Michel Foucault – critical consciousness/tragic experience – History of Madness

“For madness unleashes its fury in the space of pure vision. Fantasies and threats, the fleeting fragments of dreams and the secret destiny of the world, where madness has a primitive, prophetic force, revealing that the dream-like is real and that a thin surface of illusion opens onto bottomless depths, and that the glittering surface of images opens the way to worrying figures that shine forever in darkness. The inverse relation, no less painful, is that the reality of the world will one day be absorbed into the fantastic Image, at the delirious moment between being and nothingness which is pure destruction. When at last the world will be no more, but night and silence have not yet closed over, and all will flame up in a blinding flash, in the extremity of disorder that will precede the ordered monotony of the end of all things. The truth of the world resides in that last fleeting image. This weave of experience and secrecy, of immediate images and hidden enigmas, is unfurled in fifteenth-century painting as the tragic madness of the world.” (26 Foucault History of Madness)

In the early sections of Foucault’s History of Madness, there is an interesting distinction drawn between what Foucault calls critical consciousness and tragic experience. The awareness and experience of madness underwent a transition sometime around the 15th century, when madness became a thing to be observed – there was a spectacle of madness that was coming in to being around this time, that had not existed in the same way previously. The outcome of madness becoming spectacle, and therefore becoming something to be observed, is that in becoming spectacle there is an exteriorization of madness, madness is no longer something that is felt within one’s self in a tragic awareness of the depth of interiority, but instead madness is something that is confronted and perceived critically from without, as something to be separated from the public, studied, and invested with guilt and fear.  To think on madness from a critical perspective is the first step in creating the distinction between reason and unreason, the inability of order to contain the mad. To think critically of madness is to create madness as a sort of illness, no longer “the monstrous contents of the human heart”, madness is something that needs to be confined, exteriorized from the self and also from the grounds of culture, order, and civilization.

For Foucault, it was the artists and painters of the fifteenth century that met the rising critical consciousness with the tragic experience of madness.  Albrecht Durer, Thierry Bouts, later in Francisco Jose de Goya – the images of madness haunted the imaginations of the visual thinkers. Although these artists were also consumed with the visual aspect of madness, they approached it from a different mindset; they were expressing the tragic in the mad, viewed with compassion and an internal relation. Haunting images of the bottom of the ship where the mad where thrown like beasts and set sail out into the black ocean, exiled from society. In Foucault’s view, it was the painters and artists of the fifteenth century that were able to perceive and create, and in a sense preserve and continue the tragic view of the mad individual. By internalizing the mad as tragic, madness is slowly disarmed, it changes scale, it is once again born in the hearts of men. But from this point on, once the distinction has been created between the critical and the tragic, the gap only widens. Where on one side we have the critical consciousness that attempts to exteriorize madness and study it scientifically and morally by placing it in confinement, and on the other side we have the artist who understands madness because it originates in the part of human heart that mirrors nature.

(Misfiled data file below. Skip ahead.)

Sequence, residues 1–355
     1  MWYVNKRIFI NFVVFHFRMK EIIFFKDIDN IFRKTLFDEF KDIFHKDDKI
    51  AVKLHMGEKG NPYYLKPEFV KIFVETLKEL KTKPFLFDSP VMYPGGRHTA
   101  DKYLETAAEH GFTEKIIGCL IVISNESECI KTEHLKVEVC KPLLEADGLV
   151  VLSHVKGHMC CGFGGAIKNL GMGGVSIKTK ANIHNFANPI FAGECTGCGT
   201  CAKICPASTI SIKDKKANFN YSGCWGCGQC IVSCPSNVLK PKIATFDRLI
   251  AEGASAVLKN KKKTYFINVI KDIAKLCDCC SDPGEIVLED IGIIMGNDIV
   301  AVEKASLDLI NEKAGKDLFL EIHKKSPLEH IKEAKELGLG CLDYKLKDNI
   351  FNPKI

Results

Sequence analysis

“Even if madness was wiser than science, it would still find itself obliged to bow down before wisdom itself, the condition of its being. Now and then is might have the last word, but it never was the last word about the truth of the world, for its self-justificatory discourse is bound up with a critical consciousness of man(27).

Once the critical consciousness comes into being it can only be elaborated on as time passes. By the sixteenth century, the critical consciousness of madness had been reserved a prideful place in cultural reflection and the organization of society. “The linearity that led rationalist thought to consider madness as a form of mental illness must be reinterpreted in a vertical dimension”(28). Foucault’s usage of lines to describe the force of madness being dealt with by a critical culture attempting to mask the tragic seems to work well as a formal imagining of the two polar forces interacting. Masking the tragic becomes oppressive until there is an explosion, and a reaffirmation of madness that Foucault likens to something like Nietzsche or Van Gogh, the explosive creators. So, Foucault asks the question, “how did this pride of place awarded to critical reflection come in to being in the sixteenth century?” (28).